Abstract

Quaternary alluvium in valley-flats of the Davis Mountains and adjoining low‐lands in Trans-Pecos Texas contains remains of extinct horse and mammoth species as well as artifacts and other cultural material. On the basis of disconformities within the valley-fill complex, the Quaternary has been divided into three formations: Neville, Calamity, and Kokernot, in order from oldest to youngest.

Although the formations are alike in that they consist of silty clay, silt, sand, and gravel derived from local bedrock, differences in color and caliche content aid in their differentiation. The Neville is typically reddish brown to buff, whereas younger formations are generally gray. Caliche concretions and cement, abundant in the Neville, are uncommon in the Calamity and generally absent in the Kokernot.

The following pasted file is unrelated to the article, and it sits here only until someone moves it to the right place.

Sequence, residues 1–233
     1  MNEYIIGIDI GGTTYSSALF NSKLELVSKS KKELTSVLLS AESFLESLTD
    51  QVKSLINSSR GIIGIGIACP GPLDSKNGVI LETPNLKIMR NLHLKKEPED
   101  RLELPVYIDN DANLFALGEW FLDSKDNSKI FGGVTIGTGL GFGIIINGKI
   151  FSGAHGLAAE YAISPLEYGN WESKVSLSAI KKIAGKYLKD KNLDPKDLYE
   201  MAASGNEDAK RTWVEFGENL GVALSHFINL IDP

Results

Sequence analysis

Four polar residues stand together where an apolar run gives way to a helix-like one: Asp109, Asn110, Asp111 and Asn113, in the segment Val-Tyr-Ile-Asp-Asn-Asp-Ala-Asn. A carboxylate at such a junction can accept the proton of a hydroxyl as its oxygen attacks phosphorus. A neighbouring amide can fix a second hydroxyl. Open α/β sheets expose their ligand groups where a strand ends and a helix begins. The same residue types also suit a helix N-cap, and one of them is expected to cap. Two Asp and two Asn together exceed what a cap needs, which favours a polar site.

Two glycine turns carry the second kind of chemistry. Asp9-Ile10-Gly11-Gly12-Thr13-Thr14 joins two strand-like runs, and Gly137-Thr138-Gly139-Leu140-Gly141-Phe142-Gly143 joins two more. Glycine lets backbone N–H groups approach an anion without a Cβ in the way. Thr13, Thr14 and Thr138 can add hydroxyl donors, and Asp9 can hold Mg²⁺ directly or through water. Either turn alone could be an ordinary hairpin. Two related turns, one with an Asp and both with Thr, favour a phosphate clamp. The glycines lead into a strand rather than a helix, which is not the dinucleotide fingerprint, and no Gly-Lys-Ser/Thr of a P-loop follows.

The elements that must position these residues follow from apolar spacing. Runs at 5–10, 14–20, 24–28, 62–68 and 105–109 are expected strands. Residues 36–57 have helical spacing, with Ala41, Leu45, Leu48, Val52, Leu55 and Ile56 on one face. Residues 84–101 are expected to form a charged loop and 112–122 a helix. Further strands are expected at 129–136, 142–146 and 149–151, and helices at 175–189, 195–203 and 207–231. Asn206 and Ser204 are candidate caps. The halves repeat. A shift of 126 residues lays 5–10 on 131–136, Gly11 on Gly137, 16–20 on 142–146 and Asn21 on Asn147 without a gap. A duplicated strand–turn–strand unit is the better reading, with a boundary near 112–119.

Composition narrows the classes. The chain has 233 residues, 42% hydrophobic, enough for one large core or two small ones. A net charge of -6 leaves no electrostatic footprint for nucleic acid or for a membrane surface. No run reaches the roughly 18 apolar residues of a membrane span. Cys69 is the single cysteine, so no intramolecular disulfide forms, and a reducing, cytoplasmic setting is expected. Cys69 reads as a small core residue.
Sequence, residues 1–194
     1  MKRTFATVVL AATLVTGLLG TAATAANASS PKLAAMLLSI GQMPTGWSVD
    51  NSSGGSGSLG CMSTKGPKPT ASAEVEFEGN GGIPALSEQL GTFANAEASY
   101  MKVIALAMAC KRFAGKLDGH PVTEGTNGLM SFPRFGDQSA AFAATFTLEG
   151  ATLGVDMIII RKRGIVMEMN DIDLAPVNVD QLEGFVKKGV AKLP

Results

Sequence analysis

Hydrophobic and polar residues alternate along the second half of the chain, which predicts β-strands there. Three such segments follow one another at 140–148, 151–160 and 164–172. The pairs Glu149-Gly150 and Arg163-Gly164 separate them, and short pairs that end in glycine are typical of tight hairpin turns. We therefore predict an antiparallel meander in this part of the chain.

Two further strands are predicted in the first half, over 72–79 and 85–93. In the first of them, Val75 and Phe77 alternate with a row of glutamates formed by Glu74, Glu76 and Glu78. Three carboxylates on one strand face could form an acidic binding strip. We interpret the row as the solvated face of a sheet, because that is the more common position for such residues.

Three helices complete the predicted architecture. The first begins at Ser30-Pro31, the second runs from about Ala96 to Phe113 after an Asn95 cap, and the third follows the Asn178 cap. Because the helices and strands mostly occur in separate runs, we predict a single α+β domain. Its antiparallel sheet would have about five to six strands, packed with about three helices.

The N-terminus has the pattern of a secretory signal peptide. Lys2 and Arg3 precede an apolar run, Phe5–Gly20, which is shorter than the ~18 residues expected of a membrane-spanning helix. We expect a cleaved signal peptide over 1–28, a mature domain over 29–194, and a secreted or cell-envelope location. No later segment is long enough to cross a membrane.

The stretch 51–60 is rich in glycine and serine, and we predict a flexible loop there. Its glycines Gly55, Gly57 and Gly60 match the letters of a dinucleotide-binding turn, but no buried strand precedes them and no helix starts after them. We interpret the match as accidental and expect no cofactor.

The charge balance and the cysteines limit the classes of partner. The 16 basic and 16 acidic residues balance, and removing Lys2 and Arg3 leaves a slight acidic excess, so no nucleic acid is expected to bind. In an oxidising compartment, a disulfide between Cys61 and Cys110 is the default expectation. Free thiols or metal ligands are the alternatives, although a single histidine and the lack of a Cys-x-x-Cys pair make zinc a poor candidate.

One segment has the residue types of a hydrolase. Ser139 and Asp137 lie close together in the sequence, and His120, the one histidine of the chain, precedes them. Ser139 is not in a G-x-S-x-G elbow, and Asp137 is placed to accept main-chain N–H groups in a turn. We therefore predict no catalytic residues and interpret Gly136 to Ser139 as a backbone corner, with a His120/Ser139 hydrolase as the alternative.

Only the Neville contains mammoth remains. To date, no artifacts have been found in the Neville, although the overlying Calamity formation contains artifacts, buried hearths, and human skeletons. Archeologists believe . . .

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